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Ivory v. Knipp

United States District Court, C.D. California

June 18, 2015

WILLIAM KNIPP, Warden, Respondent.


CORMAC J. CARNEY, District Judge.

Pursuant to 28 U.S.C. § 636, the Court has reviewed the Petition, the other records on file herein, and the Report and Recommendation of the United States Magistrate Judge. Further, the Court has engaged in a de novo review of those portions of the Report and Recommendation to which objections have been made. The Court accepts the findings and recommendation of the Magistrate Judge.

With respect to Ground Four based on insufficient evidence of arson, Petitioner argues that some "key facts" were not presented at trial because Petitioner was "so medicated'" he did not know what was going on and did not testify. (Objections at 2, 4.) A jury found Petitioner competent to stand trial. (Lodged Documents ("LD") 2 at E-71.) After the jury's finding and before trial on the offenses, defense counsel stated that Petitioner had cooperated with him and provided important facts for investigation. (LD 14 at F-1 to F-4.) There is no indication in the trial record that Petitioner did not know what was going on. At the end of the defense case-in-chief, and outside the presence of the jury, defense counsel advised the court that he "considered putting [Petitioner] on the witness stand" and "left it up to [Petitioner] to make that decision" after advising him of the pros and cons. ( Id. at 948.) Defense counsel asked Petitioner on the record whether he wanted to testify and Petitioner responded, "No." ( Id. ) To the extent Petitioner seeks to challenge his competency, such a claim would be unexhausted and could not form the basis for habeas relief. 28 U.S.C. § 2254(b)(1)(A).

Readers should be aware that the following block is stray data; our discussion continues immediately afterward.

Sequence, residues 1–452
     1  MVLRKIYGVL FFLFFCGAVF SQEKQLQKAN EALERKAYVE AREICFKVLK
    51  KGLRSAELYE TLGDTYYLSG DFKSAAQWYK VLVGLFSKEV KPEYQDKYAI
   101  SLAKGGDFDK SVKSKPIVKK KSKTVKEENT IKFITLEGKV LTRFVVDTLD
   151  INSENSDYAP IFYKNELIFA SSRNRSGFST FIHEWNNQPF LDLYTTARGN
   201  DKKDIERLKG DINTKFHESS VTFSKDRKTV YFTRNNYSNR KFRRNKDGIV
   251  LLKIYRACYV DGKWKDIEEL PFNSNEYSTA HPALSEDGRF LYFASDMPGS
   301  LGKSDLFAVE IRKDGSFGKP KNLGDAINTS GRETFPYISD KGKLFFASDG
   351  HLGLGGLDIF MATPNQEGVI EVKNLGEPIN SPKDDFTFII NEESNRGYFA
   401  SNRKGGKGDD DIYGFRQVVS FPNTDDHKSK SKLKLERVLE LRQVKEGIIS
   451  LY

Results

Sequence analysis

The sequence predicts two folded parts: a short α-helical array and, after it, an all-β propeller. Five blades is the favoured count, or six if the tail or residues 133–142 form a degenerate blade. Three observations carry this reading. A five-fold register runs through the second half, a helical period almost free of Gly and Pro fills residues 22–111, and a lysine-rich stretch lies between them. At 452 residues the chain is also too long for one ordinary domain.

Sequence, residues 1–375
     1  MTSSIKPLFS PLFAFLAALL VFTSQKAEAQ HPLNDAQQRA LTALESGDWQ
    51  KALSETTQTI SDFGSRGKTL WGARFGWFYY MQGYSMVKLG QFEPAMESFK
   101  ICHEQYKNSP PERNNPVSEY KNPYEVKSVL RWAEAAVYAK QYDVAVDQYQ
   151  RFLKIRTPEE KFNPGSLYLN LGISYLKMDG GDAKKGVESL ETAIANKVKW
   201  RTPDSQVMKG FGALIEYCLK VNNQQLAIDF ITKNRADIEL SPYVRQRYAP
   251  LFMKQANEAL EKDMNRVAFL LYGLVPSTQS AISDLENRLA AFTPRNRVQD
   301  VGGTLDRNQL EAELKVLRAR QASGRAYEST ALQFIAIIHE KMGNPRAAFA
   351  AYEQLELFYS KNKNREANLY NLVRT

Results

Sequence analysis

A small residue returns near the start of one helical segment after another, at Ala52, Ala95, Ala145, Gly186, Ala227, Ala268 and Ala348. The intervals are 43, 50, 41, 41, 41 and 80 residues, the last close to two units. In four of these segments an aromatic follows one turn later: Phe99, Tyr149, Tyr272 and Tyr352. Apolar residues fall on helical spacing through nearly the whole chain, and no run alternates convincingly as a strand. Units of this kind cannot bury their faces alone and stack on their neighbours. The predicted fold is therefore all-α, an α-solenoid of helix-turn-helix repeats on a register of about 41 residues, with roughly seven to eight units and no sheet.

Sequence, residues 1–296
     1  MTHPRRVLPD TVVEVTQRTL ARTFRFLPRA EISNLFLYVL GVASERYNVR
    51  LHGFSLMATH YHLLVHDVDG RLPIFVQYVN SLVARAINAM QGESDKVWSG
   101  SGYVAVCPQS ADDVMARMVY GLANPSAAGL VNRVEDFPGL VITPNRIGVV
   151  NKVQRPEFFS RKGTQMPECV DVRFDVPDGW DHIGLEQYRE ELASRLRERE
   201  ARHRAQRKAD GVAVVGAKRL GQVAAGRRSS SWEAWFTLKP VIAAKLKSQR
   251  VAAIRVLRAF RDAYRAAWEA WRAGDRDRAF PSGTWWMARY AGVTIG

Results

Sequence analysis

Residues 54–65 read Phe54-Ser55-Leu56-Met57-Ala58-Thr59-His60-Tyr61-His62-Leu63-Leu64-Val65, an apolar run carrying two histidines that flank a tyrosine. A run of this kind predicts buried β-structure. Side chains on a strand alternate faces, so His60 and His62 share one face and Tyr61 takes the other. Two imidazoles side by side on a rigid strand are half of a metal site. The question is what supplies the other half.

In evaluating a claim of insufficient evidence, a court considers all of the evidence admitted at trial. McDaniel v. Brown, 558 U.S. 120, 131, 130 S.Ct. 665, 175 L.Ed.2d 582 (2010). Petitioner's version of events was essentially in the trial record. Captain Kean testified that Petitioner told him Robinson doused him with lighter fluid, not vice versa, and also doused the bedspread with lighter fluid. (LD 14 at 415.) Kean testified that the physical evidence was not consistent with Petitioner's version of events. Petitioner was wearing a jacket, but there was no lighter fluid or odor found on Petitioner's jacket.[1] ( Id. at 388-90, 419, 423.) By contrast, Robinson had lighter fluid on her head, hair, arms, hands and clothes.[2] ( Id. at 422.) Petitioner argues that if he was the person who started the fire, he would not have lighter fluid on his hands (which he did) because the lighter fluid was in a bottle. (Objections at 5.) However, Kean testified there was lighter fluid on the outside of the bottle.[3] (LD 14 at 382.) "[A] reviewing court faced with a record of historical facts that supports conflicting inferences must presume - even if it does not affirmatively appear in the record - that the trier of fact resolved any such conflicts in favor of the prosecution, and must defer to that resolution." McDaniel, 558 U.S. at 133. Petitioner has not shown that "no rational trier of fact could have agreed with the jury." Cavazos v. Smith, 132 S.Ct. 2, 4, 181 L.Ed.2d 311 (2011) (per curiam).

Petitioner's remaining objections are without merit.

IT IS THEREFORE ORDERED that judgment be entered denying the Petition and dismissing this action with prejudice.

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